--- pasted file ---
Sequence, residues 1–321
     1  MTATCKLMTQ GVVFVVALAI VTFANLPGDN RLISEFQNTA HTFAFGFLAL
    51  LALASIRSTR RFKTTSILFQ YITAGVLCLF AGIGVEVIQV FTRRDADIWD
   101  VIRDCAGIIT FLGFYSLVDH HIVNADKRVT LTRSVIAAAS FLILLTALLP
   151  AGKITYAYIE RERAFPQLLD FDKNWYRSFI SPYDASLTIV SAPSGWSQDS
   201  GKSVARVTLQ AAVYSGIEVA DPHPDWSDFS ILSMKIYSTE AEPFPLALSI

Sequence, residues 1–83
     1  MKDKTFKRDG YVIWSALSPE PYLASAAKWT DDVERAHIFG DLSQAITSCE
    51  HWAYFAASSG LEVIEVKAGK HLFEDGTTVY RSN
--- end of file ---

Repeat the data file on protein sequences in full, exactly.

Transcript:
Sequence, residues 1–321
     1  MTATCKLMTQ GVVFVVALAI VTFANLPGDN RLISEFQNTA HTFAFGFLAL
    51  LALASIRSTR RFKTTSILFQ YITAGVLCLF AGIGVEVIQV FTRRDADIWD
   101  VIRDCAGIIT FLGFYSLVDH HIVNADKRVT LTRSVIAAAS FLILLTALLP
   151  AGKITYAYIE RERAFPQLLD FDKNWYRSFI SPYDASLTIV SAPSGWSQDS
   201  GKSVARVTLQ AAVYSGIEVA DPHPDWSDFS ILSMKIYSTE AEPFPLALSI

Sequence, residues 1–83
     1  MKDKTFKRDG YVIWSALSPE PYLASAAKWT DDVERAHIFG DLSQAITSCE
    51  HWAYFAASSG LEVIEVKAGK HLFEDGTTVY RSN